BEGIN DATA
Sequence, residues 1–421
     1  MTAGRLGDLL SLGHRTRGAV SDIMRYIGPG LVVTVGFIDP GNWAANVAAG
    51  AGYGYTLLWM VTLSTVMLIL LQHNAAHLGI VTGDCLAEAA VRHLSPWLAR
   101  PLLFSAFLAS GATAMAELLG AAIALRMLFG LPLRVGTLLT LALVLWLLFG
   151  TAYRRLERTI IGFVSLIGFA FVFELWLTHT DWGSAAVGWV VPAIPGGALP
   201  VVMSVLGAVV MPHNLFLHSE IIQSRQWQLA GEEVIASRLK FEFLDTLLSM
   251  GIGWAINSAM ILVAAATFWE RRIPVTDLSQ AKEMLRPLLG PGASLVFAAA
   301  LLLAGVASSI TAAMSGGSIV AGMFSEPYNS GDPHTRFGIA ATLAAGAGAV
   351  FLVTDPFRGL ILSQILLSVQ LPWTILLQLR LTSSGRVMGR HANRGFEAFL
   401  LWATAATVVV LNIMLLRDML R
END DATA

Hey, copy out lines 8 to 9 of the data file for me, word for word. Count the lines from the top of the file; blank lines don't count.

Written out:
   301  LLLAGVASSI TAAMSGGSIV AGMFSEPYNS GDPHTRFGIA ATLAAGAGAV
   351  FLVTDPFRGL ILSQILLSVQ LPWTILLQLR LTSSGRVMGR HANRGFEAFL